New Pasture Design: Track Paddock

What are those horses doing walking around the outside of what looks like a pasture?  Who in their right mind would leave such a large alleyway around their property?

Here in Montgomery County, you might be looking at either one of two pilot projects supported by Montgomery Soil Conservation District. The new pasture layout is called a “track paddock” and it provides equine operators with another option for pasture layout that allows the horses to be rotated more frequently on small pieces of land. It is particularly well suited to small properties that have limited pastureland available.

By using a 16-20 foot track around the outside of regularly sized square pastures horses can have access not only to more space but can move through the long track in a more natural manner. Hay and water can be placed along the track to promote movement around and through it, but most horses seem to move through on their own due to natural equine curiosity.

The idea is based on the Paddock Paradise® promoted by the Association for the Advancement of Natural Horse Care Practices (AANHCP) which they call; “a ‘management or boarding concept’ to provide domestic equines with an environment that more closely resembles their natural habitat”.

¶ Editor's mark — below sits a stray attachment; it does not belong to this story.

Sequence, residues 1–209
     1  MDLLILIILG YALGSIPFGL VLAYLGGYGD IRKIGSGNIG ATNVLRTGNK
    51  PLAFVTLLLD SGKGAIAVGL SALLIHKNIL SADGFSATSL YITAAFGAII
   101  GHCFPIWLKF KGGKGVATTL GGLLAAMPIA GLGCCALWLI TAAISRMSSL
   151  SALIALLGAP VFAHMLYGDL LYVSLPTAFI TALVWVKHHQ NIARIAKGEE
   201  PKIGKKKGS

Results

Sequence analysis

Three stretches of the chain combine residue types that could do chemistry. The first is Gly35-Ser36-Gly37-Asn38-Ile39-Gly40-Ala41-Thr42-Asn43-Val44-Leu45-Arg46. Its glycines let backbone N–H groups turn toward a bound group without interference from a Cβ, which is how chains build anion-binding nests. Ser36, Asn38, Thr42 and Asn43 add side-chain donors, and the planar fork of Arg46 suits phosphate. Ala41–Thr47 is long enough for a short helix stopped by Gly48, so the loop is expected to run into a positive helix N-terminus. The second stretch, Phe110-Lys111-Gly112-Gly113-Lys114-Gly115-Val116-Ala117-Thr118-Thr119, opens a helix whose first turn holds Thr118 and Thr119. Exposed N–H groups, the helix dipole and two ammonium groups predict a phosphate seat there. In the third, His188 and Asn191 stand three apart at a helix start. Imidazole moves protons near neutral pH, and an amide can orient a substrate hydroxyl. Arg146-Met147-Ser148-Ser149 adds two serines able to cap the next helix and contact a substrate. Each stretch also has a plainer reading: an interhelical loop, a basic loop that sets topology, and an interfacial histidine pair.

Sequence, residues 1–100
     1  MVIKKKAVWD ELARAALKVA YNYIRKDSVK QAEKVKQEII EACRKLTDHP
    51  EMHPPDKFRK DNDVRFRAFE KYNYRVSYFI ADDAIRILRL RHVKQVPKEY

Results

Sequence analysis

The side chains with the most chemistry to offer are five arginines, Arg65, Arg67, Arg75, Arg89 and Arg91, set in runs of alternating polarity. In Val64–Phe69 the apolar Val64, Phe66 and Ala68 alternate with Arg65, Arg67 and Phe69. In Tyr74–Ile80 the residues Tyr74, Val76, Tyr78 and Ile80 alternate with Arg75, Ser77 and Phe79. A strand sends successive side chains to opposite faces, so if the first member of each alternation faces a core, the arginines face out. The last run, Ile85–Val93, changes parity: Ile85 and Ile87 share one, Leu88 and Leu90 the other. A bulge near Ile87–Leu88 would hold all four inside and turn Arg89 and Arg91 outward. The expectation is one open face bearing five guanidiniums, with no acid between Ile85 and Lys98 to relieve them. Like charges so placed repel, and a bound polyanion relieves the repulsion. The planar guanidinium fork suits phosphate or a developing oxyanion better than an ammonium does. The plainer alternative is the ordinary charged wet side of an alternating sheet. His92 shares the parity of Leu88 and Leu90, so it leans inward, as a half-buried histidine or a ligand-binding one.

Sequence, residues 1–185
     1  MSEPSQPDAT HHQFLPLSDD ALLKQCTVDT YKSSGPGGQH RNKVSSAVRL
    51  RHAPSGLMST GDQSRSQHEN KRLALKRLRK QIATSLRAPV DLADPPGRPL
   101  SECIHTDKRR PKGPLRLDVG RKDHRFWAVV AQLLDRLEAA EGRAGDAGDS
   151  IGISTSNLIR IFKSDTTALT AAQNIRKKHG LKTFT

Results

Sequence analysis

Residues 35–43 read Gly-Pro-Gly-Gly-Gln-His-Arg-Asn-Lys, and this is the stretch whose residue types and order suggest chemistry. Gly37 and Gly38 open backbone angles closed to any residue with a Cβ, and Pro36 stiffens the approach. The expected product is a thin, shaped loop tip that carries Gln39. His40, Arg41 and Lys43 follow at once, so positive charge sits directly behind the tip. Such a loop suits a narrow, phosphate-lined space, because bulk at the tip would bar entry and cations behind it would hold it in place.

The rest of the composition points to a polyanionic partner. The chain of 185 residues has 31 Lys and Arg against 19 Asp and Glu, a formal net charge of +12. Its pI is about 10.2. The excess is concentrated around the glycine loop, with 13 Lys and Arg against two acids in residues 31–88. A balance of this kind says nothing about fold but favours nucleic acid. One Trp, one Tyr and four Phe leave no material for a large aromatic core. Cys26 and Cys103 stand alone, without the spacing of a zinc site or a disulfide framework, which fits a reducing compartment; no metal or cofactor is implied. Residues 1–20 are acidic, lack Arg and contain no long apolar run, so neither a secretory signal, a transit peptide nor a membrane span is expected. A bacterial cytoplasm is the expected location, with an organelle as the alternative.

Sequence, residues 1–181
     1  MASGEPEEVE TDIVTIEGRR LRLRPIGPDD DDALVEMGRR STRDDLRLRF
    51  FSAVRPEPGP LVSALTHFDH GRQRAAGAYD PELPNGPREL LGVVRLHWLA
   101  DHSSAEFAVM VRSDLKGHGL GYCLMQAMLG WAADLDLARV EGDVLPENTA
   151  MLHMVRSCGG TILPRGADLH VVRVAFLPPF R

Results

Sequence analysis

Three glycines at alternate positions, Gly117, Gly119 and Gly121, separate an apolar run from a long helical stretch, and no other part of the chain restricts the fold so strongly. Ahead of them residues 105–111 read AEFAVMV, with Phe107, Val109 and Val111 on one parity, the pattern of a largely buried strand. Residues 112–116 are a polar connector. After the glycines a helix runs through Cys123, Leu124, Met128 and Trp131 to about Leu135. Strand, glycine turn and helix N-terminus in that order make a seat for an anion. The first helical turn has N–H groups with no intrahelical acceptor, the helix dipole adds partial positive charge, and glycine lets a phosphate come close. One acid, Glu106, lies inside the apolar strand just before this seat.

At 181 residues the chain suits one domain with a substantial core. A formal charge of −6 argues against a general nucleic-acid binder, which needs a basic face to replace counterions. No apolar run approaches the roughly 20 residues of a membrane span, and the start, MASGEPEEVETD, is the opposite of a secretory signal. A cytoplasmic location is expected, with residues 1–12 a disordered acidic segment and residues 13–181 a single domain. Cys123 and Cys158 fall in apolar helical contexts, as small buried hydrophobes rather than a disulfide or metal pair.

More information can be found on their website. www.aanhcp.net/pages/welcome-to-paddock-paradise

The idea of “habitat enrichment” has been used frequently in zoos but has not been consistently applied to horses. We wanted to see if it would help to combine healthy pastures with healthy horses. Two things that many people currently feel are mutually exclusive.

Unlike the Paddock Paradise®, MSCD’s track systems maintain grass in all of the pastures in the system. The additional pasture created by the track allows for longer rotations between pastures as well as allowing the use of the track portion of the system as a vegetative heavy use area during wet seasons. Future plans include seeding warm season grasses in the track portion to see if use can be increased.

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Shelly Ingram

I am a third generation horsewoman; My father operated a 50 horse boarding and training facility in northern California, where he specialized in re-training spoiled horses. I was his demonstration rider and general assistant in all aspects of running the ranch. I went on to work for several major show and race horse trainers, eventually opening my own barn where I focused on Junior and Amateur riders. I have trained numerous champion horses and riders on all levels and in variety of disciplines. I have also worked as a journalist and have more than a decade of experience in land use planning.

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